Issues on rights of Sabah and Sarawak to be addressed


  • Nation
  • Sunday, 08 Apr 2018

All smiles: Barisan supporters at the launching ceremony of Barisan’s manifesto by Najib at Axiata Arena, Bukit Jalil.

KUALA LUMPUR: To resolve key misgivings on the rights of Sabah and Sarawak under the Malaysia Agreement 1963 (MA63) – this is the main highlight among 21 specific pledges for the two Borneo states in the Barisan Nasional manifesto.

The manifesto states that the rights of Sabah and Sarawak under the MA63 will be realised by consensus.

The issue on the rights of the two states’ under the Federation is the most contentious among all political parties in Sabah and Sarawak.

The inclusion of the MA63 in the manifesto was welcomed by groups advocating for state rights.

Sabah MCA deputy chairman Datuk Francis Goh said it was “wonderful” that the MA63 has been included in the Barisan manifesto.

“The resolution on this issue has been long awaited by Sabahans,’’ he added.

Goh said the MA63’s inclusion in the Barisan manifesto proved that the feelings of Sabahans were taken seriously.

“As such, I hope Sabahans will give Barisan the mandate for ano­ther five years to fulfil this pro­mise,’’ he added.

He also welcomed the pledge to boost the standard of English through various initiatives such as the Dual Language Programme (DLP), and the incorporation of more historical facts and perspectives from Sabah and Sarawak to enhance the History syllabus.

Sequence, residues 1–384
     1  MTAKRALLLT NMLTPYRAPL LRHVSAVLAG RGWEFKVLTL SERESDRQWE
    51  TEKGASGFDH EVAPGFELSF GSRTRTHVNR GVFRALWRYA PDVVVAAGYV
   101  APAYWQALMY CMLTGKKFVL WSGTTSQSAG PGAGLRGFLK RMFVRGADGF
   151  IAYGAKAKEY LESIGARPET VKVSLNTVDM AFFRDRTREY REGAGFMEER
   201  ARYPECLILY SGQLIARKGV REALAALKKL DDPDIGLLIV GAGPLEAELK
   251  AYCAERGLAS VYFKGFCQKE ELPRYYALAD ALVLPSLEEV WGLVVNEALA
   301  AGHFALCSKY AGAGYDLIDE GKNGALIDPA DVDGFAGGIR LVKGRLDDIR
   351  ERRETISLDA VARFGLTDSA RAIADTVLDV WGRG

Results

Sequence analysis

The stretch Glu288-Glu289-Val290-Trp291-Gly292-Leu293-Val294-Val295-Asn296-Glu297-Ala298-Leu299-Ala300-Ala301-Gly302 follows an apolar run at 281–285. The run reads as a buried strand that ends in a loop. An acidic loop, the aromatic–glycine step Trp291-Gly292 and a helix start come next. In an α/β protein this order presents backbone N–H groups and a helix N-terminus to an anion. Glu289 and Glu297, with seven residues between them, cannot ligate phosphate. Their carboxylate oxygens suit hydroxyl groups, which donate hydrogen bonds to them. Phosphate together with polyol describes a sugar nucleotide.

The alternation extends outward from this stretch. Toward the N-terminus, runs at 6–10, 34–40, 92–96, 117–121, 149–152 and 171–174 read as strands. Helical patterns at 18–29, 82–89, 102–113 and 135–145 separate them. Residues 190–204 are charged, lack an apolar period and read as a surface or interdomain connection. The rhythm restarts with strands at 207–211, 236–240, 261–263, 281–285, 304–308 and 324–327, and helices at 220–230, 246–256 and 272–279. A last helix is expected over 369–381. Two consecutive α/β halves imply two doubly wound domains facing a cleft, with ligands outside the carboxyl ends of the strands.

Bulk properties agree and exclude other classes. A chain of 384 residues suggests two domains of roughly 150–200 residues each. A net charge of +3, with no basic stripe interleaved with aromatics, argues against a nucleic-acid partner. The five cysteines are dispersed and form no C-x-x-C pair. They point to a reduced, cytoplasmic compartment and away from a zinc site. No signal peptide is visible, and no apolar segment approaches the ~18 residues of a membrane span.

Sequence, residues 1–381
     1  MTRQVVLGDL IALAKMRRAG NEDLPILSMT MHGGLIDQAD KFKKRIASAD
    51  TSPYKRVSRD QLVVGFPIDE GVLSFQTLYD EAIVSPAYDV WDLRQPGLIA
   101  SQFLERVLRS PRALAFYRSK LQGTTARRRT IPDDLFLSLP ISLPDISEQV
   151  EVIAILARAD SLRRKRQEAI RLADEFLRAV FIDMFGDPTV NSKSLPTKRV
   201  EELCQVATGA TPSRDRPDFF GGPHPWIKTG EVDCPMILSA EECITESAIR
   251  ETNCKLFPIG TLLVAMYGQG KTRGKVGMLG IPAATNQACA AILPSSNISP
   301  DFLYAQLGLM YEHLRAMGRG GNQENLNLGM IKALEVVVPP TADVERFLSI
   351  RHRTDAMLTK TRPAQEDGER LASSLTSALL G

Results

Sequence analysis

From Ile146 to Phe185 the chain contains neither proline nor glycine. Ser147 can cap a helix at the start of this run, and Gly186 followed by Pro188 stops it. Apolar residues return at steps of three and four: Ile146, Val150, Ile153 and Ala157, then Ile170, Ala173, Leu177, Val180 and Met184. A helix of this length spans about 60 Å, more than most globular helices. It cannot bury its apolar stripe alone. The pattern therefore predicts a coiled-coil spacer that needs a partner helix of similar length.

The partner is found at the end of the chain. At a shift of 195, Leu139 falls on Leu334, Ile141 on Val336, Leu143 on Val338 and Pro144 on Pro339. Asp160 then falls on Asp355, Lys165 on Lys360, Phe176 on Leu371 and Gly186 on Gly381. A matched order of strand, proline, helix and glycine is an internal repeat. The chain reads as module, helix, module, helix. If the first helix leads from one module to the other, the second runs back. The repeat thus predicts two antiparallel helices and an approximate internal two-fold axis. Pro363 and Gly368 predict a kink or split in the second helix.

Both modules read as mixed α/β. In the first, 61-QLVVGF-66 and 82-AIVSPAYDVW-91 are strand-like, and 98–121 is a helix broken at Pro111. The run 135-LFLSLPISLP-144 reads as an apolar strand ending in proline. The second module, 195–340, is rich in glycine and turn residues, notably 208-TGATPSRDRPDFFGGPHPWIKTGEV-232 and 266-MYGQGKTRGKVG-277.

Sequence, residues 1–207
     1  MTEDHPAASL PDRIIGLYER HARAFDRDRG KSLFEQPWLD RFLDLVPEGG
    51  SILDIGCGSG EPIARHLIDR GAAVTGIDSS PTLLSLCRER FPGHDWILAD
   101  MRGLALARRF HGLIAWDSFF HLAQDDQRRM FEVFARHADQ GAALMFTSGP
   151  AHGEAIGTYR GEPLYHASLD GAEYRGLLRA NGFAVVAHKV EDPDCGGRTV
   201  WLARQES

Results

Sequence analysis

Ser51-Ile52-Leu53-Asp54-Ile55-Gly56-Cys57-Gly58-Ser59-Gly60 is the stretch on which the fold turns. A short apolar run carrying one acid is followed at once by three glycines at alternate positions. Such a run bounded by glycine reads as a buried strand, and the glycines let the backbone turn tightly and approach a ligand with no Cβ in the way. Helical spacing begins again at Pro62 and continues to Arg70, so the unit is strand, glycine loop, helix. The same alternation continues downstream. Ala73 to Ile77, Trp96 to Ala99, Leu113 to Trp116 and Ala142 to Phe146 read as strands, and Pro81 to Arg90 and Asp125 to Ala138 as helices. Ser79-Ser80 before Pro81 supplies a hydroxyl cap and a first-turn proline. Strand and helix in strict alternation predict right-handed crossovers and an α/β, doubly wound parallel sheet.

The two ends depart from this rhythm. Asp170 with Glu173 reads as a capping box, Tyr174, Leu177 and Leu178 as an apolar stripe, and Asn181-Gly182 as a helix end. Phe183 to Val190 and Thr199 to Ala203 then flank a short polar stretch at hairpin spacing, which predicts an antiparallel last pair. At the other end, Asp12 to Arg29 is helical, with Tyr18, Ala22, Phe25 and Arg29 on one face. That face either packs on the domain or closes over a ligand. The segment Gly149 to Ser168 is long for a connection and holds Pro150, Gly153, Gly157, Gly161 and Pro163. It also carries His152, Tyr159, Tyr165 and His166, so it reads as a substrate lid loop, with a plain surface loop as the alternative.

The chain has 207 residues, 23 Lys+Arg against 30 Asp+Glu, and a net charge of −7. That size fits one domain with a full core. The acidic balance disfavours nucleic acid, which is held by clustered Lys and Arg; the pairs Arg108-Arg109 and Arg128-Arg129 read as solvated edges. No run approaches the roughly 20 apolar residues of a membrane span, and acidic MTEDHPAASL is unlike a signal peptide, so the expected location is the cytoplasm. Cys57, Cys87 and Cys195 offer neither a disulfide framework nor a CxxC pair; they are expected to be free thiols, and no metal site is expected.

He said the DLP was among the issues that he had pushed for.

“It will benefit our children. We must acknowledge that English is an international language and failure to grasp it will cause us to lag in many aspects,” Goh said.

MySabah legal adviser Fuad Tengku Ahmad gave the thumbs up to the inclusion of the MA63 in the manifesto, saying this reflected the commitment of the Federal Govern­ment to resolve outstanding concerns involving the formation of Malaysia.

MySabah, an apolitical grouping of prominent Sabahans, has been making recommendations to the state and Federal governments on issues pertaining to state rights.

Fuad said he was confident in the Barisan’s pledge because Prime Minister Datuk Seri Najib Tun Razak had proceeded with the constitutional review of Sabah’s two-fifths (40%) Special Grant, which is in line with MA63.

“This alone demonstrates Najib’s sincerity and commitment towards Sabah and Sarawak’s rights and for that, he deserves our support,” he said.

The manifesto also sees Barisan pledging to deliver “across the board” for Sabah and Sarawak, co­vering infrastructure development, multimedia, transportation, power generation, and upgrading Sabah’s sewerage system.

Both states have been pledged RM2bil to improve telecommunications, RM2.3bil to expand power supply, and RM4.3bil for the Trans Sabah Gas Pipeline project.

Among others, the coalition also vowed to provide funds to promote and preserve native culture, literature and languages such as Iban and Kadazandusun.

In Kuching, parents said they looked forward to the opportunity of sending their children to English-medium public schools.

Engineering manager Alexander Gabriel, 36, said that he would have enrolled his three children in such a school if one had been available.

His two boys and daughter are presently studying in Chinese schools.

“It is never too late to introduce English-medium public schools for future generations and I hope many such schools will be set up,” he said.

Finance clerk Aishah Noor Abdullah, 28, did not think English-medium schools would affect the learning of the national language.

“Bahasa Malaysia is widely used in our daily lives especially with people of other races.

“Even if we study in English-medium schools, if Bahasa Malaysia is taught well, it should not be a problem,” she said


   

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